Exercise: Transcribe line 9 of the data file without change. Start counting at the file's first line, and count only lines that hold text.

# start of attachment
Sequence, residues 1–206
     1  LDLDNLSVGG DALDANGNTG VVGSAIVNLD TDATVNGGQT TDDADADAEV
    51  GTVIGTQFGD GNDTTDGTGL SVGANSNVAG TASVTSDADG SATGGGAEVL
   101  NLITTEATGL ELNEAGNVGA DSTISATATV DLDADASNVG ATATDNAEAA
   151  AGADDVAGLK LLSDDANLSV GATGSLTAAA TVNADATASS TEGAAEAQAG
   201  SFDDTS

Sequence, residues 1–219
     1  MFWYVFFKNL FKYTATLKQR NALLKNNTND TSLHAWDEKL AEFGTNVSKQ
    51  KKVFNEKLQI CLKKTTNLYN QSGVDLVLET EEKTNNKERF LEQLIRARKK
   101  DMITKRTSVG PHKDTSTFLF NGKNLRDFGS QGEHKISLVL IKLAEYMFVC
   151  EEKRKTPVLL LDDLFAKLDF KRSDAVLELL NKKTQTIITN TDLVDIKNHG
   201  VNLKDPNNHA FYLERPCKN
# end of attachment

    51  KKVFNEKLQI CLKKTTNLYN QSGVDLVLET EEKTNNKERF LEQLIRARKK